The Government, following an initial investigation last year, has identified that there is evidence of misuse of limited partnerships with a disproportionately high volume of suspected criminal activity involving Scottish limited partnerships, specifically in international money laundering schemes.
In summary, the proposals being consulted on cover four main areas:
- all those seeking to register a limited partnership would be required to be registered with an anti-money laundering supervisory body;
- limited partnerships would need to maintain some connection with the UK, either by ensuring the principal place of business remained in the UK or by ensuring a service address was maintained within the UK;
- limited partnerships would have increased reporting requirements similar to those currently required of limited companies; and
- the Registrar of Companies would have powers to strike off the register the limited partnerships that fall within scope of certain conditions.
The consultation closes on 23 July 2018 and the consultation paper can be found here.
Register of Overseas Beneficial Owners
BEIS has published the response to its call for evidence (publish in April 2017) on proposals for a register showing who owns and controls overseas companies and other legal entities that own UK property or participate in UK government procurement.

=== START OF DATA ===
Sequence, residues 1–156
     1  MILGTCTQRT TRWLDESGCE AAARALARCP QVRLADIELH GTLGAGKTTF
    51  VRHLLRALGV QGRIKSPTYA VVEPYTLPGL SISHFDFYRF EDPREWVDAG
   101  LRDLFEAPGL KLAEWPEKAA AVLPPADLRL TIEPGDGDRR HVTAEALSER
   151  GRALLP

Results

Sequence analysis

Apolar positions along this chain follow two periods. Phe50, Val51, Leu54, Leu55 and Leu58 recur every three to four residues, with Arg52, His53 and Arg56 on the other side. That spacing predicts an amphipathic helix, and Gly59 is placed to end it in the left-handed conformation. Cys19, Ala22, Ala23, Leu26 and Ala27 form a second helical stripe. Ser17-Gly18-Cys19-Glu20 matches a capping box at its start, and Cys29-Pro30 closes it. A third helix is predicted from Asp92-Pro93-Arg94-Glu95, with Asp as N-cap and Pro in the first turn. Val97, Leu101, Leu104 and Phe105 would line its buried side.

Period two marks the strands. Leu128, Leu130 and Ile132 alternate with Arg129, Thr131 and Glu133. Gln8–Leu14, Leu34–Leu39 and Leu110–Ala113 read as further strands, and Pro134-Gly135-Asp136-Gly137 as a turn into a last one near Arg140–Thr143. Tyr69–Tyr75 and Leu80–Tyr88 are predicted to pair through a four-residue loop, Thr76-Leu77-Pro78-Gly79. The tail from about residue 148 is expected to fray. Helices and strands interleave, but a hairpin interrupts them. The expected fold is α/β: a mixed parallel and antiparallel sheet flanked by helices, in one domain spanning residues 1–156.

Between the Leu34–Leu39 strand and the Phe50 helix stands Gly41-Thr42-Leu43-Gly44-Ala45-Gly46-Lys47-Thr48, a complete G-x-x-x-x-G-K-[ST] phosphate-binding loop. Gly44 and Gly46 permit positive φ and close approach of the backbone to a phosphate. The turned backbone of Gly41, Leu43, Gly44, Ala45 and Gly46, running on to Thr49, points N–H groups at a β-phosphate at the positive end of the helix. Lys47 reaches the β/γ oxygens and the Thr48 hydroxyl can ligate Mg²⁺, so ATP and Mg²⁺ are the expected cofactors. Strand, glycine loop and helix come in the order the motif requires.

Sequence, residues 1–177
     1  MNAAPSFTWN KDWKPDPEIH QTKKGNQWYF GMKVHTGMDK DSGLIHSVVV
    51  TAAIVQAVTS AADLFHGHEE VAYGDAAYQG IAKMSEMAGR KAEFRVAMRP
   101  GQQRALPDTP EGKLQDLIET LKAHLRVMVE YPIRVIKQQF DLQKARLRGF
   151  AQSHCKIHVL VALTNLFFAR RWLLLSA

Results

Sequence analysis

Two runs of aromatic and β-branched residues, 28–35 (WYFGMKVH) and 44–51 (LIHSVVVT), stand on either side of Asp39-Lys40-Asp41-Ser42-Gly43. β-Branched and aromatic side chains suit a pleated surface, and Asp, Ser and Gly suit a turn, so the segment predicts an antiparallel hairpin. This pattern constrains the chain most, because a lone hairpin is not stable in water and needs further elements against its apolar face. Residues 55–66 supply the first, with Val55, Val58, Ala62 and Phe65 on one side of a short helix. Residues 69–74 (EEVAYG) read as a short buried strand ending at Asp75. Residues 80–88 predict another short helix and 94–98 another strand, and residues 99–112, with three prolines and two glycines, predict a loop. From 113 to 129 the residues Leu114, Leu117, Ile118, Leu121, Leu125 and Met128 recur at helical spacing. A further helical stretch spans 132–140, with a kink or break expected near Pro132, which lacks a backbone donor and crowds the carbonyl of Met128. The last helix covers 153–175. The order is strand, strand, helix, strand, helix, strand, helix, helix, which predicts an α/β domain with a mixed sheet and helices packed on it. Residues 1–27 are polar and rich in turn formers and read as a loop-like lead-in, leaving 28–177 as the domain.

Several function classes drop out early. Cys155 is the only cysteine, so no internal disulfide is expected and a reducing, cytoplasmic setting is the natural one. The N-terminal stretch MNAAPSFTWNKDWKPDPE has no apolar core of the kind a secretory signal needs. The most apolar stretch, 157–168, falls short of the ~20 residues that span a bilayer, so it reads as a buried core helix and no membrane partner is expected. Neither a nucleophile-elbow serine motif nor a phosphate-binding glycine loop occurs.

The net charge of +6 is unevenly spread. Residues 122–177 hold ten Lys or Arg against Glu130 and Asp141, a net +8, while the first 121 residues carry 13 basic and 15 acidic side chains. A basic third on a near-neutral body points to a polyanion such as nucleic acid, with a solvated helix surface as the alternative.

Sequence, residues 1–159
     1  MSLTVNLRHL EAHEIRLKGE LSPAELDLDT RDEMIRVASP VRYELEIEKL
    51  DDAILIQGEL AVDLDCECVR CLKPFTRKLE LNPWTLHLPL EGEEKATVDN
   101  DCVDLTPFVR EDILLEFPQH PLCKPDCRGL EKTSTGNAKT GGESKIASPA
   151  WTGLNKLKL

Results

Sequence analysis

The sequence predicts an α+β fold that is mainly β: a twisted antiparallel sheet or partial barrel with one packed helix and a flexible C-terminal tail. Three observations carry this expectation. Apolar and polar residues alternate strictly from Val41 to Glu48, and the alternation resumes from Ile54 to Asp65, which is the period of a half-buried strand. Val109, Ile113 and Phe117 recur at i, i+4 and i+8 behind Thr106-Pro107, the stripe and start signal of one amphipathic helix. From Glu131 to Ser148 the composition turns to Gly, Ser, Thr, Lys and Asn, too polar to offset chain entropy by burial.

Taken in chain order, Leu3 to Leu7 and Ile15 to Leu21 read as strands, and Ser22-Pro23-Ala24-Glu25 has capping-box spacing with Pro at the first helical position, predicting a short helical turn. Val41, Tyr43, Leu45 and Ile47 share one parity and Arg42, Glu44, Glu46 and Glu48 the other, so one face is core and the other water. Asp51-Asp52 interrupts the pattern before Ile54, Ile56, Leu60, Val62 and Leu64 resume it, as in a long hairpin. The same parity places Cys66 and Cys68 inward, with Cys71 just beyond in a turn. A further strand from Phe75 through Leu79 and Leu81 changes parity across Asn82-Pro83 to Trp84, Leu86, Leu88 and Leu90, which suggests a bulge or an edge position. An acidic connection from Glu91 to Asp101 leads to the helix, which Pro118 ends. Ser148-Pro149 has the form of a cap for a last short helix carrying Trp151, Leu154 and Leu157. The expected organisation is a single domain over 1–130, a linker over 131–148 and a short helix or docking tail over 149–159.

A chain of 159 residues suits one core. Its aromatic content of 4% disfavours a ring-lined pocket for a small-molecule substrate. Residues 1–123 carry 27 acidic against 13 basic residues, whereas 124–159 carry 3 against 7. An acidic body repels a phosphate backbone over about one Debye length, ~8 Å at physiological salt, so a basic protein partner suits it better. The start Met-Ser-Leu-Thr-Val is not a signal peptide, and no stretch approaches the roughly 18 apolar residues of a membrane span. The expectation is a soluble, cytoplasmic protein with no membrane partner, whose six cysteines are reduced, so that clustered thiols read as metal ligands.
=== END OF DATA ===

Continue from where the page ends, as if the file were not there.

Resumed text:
The information required in relation to beneficial owners would be the same as that required under the PSC regime. The Government intends to establish a criminal offence to enforce the requirement to update information and will confirm the frequency of updates when publishing draft legislation.
Failure to comply with the regime would ultimately mean that overseas entities would be unable to buy or sell registrable leasehold property in the UK and unable to participate in UK central government procurement processes.
The Government intends to publish a draft bill this summer and it is intended that the register will be operational in 2021.
This article was written by Jordans Corporate Law Limited's Specialist Corporate Governance team. For more information, please contact Daniel Murray, Associate Director at Jordans Corporate Law Limited.